Stories For Children

Konstantin Dmitrievich Ushinsky

Reading Level: 2-3

Book Description



Two stubborn goats came face to face one day on a log spanning a stream. It was too narrow for them to pass— the only way was for one to move back and wait while the other one crossed. “Move back and let me pass,” said one. “Of all the nerve— think something of yourself, don’t you?” said the other “You move back, I was first on the bridge!” “I'm much older than you. I don’t give way to a bit of a kid! Not likely!” Without more ado the two rammed their stubborn heads together, locked horns, braced their slender hoofs against knots in the log and started to fight. But that log was wet, and slippery. And before a minute had passed— splash! Both were in the water.


Once upon a time there lived a cockerel and a pullet, brother and sister. One day when the cockerel was running about the yard he found some greenish currents and began to peck them. “Don’t eat those, Cockie,” the little pullet warned him, “wait until they are ripe.” But the cockerel did not heed her; he pecked and pecked, and then — well, he could hardly drag himself home! “Oh, oh,” he groaned, “I have such a dreadful tummy-ache. Sister! Oh dear, oh dear!” The little pullet gave him a hot peppermint drink, and put a mustard plaster on the place that hurt, and it passed away. When he was quite well again Cockie went out into the fields; he ran about, he jumped about, even flew about a little until he was quite hot. So off he went to the river to get a drink of cold water. Again his sister warned him: “Don’t drink now, Cockie, wait till you cool down.” But Cockie did not heed her, he took a good long drink of that very cold water. Very soon he was feverish, he was hot and cold and felt very bad indeed; his sister could hardly get him home. She ran for the doctor who prescribed some very nasty medicine and made Cockie stay in bed for a long while. It was winter by the time he was really well, and the river was covered with ice. He wanted to go skating right away at once and again his sister warned him. “Wait a bit, Cockie. Let the river get properly frozen. The ice is still thin, you can go through.” Again he did not heed her, and went skating. And what happened? The ice cracked. The ice broke. And that was the end of Cockie.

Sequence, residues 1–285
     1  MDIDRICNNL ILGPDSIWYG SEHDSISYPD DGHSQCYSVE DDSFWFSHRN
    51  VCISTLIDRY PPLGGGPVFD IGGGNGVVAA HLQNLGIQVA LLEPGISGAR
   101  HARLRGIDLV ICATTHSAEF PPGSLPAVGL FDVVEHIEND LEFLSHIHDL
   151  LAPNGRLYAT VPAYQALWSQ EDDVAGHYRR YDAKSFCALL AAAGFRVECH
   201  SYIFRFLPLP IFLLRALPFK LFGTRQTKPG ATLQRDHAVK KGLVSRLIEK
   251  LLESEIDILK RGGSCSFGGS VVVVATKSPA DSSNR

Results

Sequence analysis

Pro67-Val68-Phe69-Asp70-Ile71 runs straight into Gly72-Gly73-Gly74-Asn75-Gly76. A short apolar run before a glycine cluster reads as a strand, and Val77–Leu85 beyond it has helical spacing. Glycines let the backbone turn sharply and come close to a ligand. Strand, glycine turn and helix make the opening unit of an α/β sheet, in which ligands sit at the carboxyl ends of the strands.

The motley magpie jumped about from branch to branch and chattered, chattered away without stopping, while the raven sat in silence. “Why don’t you say something, Neighbour?” the magpie asked at last. “Don’t you believe what I’m telling you?” “That’s as may be, Neighbour,” answered the raven. “But one thing is sure— in such a lot of talk there must be a lot of lies!”